Criminal Recourse against Counterfeiting

Indian Penal Code, 1860: The Penal Code sets out punishments for cheating, counterfeiting and possession of instruments for making counterfeits etc. under chapter XII of the Act. The code’s provisions can be invoked in criminal actions, in addition to the provisions of specific statutes.

Copyright Act,1957: Provides power to the Police to seize the infringed copies of copyrighted work The Act further empowers the  registrar of copyright to investigate any alleged ship, dock or premise and order to confiscate them. Section 63 of the Act provides for imprisonment up to three years and fine for indulging in activities of infringement.

The Trade Marks Act, 1999: Section 103 provides penalty for applying false trademark and/or trade description, etc. with imprisonment up to three years and fine ranging from fifty thousand to two lakh rupees.

THE Patents Act, 1970: The Patents Act does not provide criminal remedies. However, criminal liability arises where an article is wrongfully represented to be patented or secrecy requirements under the act are breached.

Geographical Indications Act, 1999: Chapter VIII provides for criminal remedies where the term of imprisonment varies from 6 months to 3 years and fine from ₹ 50,000 to ₹ 2 lacs.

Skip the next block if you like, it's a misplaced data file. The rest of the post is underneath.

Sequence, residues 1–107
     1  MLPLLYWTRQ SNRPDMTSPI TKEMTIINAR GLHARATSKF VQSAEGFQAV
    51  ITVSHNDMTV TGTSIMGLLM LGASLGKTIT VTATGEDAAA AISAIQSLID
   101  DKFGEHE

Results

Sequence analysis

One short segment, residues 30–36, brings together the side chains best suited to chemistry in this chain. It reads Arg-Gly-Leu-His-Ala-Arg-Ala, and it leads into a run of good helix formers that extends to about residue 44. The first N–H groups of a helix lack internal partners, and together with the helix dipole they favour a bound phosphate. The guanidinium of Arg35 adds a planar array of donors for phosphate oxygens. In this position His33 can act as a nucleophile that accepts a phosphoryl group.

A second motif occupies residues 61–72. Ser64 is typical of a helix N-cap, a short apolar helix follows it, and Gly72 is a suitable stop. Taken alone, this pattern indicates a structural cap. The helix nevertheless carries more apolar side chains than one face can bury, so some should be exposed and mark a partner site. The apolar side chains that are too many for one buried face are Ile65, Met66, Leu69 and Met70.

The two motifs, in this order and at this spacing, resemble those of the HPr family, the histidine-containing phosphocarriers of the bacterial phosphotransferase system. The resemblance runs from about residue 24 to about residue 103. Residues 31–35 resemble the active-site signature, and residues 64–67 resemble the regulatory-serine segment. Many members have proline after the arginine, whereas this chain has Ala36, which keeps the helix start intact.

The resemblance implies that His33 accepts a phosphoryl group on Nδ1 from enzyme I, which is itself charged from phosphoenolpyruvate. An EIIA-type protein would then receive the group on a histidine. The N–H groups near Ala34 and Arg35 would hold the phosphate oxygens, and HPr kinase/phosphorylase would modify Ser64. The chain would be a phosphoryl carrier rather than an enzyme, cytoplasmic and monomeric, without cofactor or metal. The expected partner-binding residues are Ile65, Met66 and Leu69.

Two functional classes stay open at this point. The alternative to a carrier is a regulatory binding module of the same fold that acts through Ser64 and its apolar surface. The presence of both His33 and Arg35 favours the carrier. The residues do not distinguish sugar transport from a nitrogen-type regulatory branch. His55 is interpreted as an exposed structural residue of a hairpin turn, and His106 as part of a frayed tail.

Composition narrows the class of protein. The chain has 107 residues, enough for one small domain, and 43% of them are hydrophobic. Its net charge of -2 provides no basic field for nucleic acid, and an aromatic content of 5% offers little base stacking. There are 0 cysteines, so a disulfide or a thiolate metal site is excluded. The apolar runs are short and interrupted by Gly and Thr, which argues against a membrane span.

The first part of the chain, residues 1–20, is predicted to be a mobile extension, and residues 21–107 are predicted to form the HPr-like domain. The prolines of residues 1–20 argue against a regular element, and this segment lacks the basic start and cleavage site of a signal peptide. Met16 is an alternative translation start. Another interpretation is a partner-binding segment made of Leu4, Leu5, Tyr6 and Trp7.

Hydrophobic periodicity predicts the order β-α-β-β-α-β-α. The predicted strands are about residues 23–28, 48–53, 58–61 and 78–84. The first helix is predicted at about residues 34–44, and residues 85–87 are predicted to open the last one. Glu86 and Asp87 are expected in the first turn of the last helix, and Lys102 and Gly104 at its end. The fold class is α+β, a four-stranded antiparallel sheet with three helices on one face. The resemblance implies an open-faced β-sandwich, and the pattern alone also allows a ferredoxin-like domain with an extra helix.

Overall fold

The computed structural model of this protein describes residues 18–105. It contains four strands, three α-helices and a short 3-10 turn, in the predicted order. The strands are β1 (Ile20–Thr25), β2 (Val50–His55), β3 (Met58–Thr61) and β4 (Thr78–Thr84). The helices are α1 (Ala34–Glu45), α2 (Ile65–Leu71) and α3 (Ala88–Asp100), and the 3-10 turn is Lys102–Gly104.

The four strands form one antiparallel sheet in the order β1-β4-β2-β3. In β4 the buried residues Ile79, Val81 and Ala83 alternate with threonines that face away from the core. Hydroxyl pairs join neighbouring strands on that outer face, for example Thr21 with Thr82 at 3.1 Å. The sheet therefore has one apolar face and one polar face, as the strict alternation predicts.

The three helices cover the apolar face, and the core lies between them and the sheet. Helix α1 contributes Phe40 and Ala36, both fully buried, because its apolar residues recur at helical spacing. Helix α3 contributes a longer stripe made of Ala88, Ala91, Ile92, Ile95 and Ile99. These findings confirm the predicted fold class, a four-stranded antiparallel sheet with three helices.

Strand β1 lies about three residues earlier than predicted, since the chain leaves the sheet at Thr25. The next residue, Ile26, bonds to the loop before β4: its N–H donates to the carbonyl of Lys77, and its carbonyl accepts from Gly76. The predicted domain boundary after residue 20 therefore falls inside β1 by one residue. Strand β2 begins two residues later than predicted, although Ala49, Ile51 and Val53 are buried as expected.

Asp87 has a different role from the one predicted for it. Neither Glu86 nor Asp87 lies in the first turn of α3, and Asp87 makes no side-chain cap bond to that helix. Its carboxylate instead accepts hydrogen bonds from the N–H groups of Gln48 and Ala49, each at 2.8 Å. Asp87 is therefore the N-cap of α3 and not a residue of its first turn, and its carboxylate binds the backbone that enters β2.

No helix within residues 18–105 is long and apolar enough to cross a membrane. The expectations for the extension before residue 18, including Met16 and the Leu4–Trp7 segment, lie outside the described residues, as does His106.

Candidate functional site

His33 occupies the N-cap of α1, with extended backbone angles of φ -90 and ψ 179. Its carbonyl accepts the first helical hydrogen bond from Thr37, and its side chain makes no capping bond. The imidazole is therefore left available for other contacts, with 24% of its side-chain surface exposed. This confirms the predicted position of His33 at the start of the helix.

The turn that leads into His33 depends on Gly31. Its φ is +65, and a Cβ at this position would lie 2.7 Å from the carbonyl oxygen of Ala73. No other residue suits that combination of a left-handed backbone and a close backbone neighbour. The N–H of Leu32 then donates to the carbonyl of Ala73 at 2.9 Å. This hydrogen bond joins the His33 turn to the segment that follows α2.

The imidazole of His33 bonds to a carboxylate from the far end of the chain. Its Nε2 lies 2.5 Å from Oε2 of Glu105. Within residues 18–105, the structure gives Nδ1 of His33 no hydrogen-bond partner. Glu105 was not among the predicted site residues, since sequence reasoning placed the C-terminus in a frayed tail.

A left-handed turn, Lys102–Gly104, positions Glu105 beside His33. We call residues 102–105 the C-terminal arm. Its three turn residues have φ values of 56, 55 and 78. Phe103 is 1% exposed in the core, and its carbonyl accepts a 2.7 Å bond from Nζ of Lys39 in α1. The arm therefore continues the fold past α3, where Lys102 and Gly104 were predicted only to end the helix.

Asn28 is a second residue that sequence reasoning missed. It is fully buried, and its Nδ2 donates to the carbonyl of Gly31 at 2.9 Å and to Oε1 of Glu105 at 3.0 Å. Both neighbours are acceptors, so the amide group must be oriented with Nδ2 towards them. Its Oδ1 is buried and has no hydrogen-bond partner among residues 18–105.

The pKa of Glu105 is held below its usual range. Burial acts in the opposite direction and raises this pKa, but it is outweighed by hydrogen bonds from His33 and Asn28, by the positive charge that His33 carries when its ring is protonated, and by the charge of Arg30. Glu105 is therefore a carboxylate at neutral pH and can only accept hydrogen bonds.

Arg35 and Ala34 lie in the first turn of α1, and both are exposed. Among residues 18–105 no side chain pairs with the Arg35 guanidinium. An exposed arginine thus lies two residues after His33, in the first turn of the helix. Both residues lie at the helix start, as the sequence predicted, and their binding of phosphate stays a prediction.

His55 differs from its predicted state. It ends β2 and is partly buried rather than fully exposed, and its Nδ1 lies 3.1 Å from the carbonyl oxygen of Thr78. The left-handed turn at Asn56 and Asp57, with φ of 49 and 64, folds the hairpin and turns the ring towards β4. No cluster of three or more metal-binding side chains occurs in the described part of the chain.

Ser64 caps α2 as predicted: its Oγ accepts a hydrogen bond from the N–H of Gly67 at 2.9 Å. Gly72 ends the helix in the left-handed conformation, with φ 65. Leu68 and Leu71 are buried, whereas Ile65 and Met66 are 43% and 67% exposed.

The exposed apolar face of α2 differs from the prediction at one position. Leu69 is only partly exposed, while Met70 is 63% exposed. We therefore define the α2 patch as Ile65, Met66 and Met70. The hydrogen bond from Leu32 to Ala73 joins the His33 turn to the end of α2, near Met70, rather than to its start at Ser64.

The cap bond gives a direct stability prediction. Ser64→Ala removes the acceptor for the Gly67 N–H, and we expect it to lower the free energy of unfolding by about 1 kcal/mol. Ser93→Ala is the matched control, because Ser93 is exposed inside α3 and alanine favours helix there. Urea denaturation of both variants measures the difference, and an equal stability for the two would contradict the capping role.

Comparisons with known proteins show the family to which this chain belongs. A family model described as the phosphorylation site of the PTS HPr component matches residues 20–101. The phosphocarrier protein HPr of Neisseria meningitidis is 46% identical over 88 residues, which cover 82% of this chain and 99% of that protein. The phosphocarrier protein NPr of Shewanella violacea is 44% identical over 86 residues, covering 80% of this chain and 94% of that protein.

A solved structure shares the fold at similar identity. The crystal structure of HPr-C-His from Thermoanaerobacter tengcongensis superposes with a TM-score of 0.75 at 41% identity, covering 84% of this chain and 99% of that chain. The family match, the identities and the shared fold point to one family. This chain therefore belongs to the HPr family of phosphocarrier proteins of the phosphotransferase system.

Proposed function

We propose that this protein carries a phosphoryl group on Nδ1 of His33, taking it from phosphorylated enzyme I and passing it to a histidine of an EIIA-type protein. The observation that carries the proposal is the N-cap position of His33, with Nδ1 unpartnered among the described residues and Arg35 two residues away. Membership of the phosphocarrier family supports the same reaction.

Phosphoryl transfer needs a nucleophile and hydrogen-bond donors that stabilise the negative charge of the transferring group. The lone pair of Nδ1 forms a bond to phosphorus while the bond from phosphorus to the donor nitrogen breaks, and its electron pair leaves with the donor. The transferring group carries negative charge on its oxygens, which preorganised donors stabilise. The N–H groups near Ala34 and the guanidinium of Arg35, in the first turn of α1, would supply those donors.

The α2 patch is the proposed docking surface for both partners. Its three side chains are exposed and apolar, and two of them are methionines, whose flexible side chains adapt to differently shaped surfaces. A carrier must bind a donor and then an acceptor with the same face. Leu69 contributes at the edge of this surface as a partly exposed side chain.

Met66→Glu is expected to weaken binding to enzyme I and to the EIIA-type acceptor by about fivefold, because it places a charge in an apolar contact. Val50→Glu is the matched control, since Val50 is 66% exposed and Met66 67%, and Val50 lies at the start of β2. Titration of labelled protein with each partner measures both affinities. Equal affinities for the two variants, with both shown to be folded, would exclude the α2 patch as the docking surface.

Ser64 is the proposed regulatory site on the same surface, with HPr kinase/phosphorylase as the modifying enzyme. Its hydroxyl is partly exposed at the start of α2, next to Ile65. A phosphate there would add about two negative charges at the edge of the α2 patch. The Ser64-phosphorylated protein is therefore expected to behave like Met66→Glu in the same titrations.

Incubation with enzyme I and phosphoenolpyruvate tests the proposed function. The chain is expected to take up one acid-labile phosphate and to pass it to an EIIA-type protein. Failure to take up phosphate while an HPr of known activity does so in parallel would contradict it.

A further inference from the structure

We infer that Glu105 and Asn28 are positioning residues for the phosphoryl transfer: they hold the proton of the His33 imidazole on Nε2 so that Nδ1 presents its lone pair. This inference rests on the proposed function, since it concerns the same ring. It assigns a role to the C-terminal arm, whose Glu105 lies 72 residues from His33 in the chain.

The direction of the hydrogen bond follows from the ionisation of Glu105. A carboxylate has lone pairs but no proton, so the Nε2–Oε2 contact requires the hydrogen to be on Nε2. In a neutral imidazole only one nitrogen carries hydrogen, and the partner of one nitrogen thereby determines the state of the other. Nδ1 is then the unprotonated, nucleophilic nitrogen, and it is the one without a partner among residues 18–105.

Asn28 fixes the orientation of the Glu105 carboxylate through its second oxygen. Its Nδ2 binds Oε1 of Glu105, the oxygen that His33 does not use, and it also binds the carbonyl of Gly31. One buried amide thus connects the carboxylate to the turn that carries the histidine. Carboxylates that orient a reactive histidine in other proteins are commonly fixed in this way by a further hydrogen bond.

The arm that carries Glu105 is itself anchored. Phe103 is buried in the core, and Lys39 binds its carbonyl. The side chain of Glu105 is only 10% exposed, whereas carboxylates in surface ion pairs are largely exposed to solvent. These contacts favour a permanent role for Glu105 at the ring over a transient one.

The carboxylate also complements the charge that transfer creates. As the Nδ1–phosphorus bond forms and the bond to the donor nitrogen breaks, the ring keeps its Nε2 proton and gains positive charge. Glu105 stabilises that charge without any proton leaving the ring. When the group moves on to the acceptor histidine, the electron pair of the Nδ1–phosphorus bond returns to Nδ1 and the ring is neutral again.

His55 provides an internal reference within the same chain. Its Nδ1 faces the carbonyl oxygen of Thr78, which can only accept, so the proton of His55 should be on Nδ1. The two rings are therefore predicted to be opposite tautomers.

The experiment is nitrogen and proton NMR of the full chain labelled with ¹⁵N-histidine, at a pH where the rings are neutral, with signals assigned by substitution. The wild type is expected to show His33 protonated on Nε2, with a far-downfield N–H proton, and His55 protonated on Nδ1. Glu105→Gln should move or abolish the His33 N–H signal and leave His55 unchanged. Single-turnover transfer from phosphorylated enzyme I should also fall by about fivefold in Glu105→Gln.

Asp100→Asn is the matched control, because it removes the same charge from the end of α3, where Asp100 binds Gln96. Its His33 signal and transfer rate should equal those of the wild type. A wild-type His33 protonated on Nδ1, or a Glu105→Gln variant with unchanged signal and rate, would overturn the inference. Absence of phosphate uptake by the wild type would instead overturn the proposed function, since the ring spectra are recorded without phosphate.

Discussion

Anti-Counterfeiting regulations under the Intellectual Property Rights (Imported Goods) Enforcement Rules,2007
The IPR Rules, 2007 empowers the competent authority of Customs to seize counterfeit or suspend the clearance of such goods at the port. The Rules additionally empowers the Custom Department to destroy goods infringing IPR.

  • The right holder has to send a notice for protection  of its IPR to the concerned authority for suspending the clearance of counterfeit goods;



Cartier International AG & Ors. V. Gaurav Bhatia (Jan, 2016)
In the case, anti-counterfeiting raids were conducted by the Chandigarh Cyber Cell. The investigation confirmed that the Defendant was offering the counterfeit goods on their e-commerce websites. Thus, trademark infringement was established and the court decreed against the defendant awarding punitive damages of INR 1 crore to the Plaintiff, opining that the purchasing public was bound to assume some sort of association or connection between the Defendant and Plaintiff’s product.